b. In the case of a union conference/union of churches with conference status: If the division executive committee determines that a union conference/union of churches with conference status is in apostasy or rebellion and should be expelled from the world sisterhood of unions, the division shall refer the matter to the General Conference Executive Committee with the recommendation for expulsion from the world sisterhood of unions and the reasons for it. 

3. The General Conference Executive Committee, in consultation with the division, shall use its discretion to decide whether another union conference constituency meeting should be called and, if so, at what point in the procedure. 

4. The General Conference Executive Committee shall consider the recommendation of the division executive committee at its Spring Meeting or Annual Council. If it approves the proposal for expulsion, the General Conference Executive Committee shall refer the recommendation to the next regular or specially called General Conference Session for consideration. 

5. If a General Conference Session concurs with a recommendation to expel and votes to expel a union from the world sisterhood of unions, the division shall exercise direct responsibility for the conferences and/or missions/regions/field stations affected by the expulsion and shall, through its executive committee, take an action to attach them directly to the division until a new organization can be established or a rearrangement of territorial boundaries effected. Disloyal conferences/missions/regions/field stations shall be dealt with in harmony with the principles set out under B 75 10. In the event that a union of churches is expelled from the sisterhood of unions, the division executive committee shall vote to take into the care of the division all churches of the union of churches until reorganization or a redistribution of boundaries can be arranged. The division executive committee, functioning in place of the expelled union of churches constituency, shall have authority to disband any local churches which prove to be disloyal and to redistribute remaining churches by territorial adjustment and/or reorganization.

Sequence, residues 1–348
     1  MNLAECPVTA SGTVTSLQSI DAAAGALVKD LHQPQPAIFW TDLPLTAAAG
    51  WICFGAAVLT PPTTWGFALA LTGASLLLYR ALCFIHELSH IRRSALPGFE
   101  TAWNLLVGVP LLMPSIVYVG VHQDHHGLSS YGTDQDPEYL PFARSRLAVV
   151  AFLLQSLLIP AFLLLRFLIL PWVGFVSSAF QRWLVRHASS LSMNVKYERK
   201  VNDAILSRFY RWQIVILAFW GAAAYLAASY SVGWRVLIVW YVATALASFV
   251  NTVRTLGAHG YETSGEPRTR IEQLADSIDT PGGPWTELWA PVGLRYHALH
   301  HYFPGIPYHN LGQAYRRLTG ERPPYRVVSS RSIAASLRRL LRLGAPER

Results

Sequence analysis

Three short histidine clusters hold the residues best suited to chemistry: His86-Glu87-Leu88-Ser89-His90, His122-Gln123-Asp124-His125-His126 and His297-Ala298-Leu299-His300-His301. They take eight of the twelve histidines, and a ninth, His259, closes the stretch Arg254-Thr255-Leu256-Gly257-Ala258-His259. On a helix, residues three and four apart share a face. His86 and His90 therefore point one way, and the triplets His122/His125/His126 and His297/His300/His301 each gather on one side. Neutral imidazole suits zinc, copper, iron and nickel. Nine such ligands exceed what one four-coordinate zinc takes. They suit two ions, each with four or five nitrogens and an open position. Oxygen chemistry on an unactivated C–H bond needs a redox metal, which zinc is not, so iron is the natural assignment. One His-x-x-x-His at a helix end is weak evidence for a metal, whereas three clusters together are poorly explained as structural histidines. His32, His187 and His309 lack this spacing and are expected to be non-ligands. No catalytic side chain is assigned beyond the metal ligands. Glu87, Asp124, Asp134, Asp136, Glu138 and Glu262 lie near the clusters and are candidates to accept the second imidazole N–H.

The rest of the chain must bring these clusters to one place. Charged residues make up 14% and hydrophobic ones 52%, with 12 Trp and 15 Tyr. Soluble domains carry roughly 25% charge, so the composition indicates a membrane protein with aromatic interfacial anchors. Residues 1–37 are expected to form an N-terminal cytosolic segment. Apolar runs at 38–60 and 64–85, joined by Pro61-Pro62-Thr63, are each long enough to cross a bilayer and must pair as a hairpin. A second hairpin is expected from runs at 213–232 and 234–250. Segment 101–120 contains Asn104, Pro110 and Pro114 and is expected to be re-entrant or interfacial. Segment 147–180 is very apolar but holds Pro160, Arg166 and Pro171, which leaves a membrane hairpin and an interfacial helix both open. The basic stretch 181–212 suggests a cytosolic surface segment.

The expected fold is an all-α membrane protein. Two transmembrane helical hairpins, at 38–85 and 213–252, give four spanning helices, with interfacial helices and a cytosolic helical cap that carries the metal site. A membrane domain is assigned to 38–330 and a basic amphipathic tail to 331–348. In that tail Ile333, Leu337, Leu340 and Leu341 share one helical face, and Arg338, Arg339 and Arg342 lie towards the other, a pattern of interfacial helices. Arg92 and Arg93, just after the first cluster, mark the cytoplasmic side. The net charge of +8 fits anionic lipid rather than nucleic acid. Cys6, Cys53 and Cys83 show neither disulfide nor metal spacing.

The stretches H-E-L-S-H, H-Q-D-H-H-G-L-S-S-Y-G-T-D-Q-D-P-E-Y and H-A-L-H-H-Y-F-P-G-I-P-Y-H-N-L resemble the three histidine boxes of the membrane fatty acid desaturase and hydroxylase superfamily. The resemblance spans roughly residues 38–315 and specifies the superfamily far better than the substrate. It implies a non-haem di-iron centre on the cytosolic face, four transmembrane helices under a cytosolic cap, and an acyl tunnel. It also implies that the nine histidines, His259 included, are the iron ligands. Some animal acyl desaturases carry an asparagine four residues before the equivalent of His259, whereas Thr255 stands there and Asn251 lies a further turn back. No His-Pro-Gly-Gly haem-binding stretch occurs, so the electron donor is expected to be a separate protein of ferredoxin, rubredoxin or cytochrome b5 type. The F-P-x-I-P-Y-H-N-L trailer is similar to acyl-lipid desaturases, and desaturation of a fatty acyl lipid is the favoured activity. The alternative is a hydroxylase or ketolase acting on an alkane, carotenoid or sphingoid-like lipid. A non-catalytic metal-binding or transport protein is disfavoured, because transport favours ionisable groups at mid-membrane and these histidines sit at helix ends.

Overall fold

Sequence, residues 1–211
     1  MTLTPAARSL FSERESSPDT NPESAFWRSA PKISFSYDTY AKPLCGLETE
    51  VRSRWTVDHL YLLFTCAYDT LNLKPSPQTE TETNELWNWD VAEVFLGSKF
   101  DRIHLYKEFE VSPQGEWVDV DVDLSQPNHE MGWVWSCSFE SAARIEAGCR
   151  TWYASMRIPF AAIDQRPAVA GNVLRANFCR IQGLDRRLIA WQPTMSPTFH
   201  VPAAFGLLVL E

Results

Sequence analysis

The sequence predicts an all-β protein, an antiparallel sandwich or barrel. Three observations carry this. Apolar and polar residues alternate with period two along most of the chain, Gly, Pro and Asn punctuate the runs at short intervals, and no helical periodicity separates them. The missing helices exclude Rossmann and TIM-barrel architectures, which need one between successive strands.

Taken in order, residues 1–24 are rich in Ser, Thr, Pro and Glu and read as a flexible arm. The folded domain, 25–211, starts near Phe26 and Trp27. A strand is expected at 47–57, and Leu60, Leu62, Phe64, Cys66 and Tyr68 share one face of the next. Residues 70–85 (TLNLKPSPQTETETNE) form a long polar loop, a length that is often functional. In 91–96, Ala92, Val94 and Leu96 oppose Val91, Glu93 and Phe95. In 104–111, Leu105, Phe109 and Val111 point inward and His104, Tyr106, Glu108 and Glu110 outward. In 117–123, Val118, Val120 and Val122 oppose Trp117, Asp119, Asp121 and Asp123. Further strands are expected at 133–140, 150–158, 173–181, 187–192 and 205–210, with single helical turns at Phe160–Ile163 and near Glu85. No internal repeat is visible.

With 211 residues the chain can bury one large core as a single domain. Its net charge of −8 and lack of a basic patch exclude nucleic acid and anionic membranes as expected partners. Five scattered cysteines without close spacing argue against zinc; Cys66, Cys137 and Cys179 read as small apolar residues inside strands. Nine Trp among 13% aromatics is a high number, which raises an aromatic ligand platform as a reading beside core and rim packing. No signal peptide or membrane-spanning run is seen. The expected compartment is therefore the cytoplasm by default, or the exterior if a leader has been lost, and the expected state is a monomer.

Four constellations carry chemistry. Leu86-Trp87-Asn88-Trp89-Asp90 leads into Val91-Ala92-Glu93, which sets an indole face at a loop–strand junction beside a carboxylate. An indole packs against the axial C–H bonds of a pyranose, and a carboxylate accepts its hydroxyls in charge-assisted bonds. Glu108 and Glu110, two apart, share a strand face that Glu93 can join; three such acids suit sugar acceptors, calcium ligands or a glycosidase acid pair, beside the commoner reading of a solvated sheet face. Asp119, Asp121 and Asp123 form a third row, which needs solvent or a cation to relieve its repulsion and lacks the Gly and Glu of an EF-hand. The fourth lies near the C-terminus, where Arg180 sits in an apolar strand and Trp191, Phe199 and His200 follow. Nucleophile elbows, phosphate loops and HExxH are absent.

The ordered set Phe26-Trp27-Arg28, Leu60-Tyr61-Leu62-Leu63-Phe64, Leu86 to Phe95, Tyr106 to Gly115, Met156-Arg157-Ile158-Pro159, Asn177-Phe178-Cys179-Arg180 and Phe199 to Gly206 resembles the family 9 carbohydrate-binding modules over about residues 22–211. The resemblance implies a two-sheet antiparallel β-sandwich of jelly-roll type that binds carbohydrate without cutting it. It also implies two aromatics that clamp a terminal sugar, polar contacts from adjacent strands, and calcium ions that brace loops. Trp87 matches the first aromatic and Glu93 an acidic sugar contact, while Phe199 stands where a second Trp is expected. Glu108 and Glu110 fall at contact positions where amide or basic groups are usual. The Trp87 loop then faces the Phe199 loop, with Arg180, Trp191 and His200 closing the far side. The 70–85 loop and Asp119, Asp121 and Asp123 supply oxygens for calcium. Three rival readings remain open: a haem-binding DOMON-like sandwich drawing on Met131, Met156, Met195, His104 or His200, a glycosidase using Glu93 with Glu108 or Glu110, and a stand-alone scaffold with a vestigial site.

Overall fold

6. In the event of the dissolution of a union mission/union of churches with mission status and/or the expulsion of a union/union of churches with conference status from the sisterhood of unions, audits of the financial records of the union conference/union mission shall be conducted. All assets remaining after all claims have been satisfied shall be transferred to a legal entity authorized by the division, or dealt with as specified in the expelled entity’s constitution and bylaws or operating policy. 

7. If, with the passage of time and efforts toward healing and restoration, it seems desirable for the nurture of the members and for the mission of the Church to reorganize the union/union of churches, the process outlined under the relevant section of B 65 shall be followed.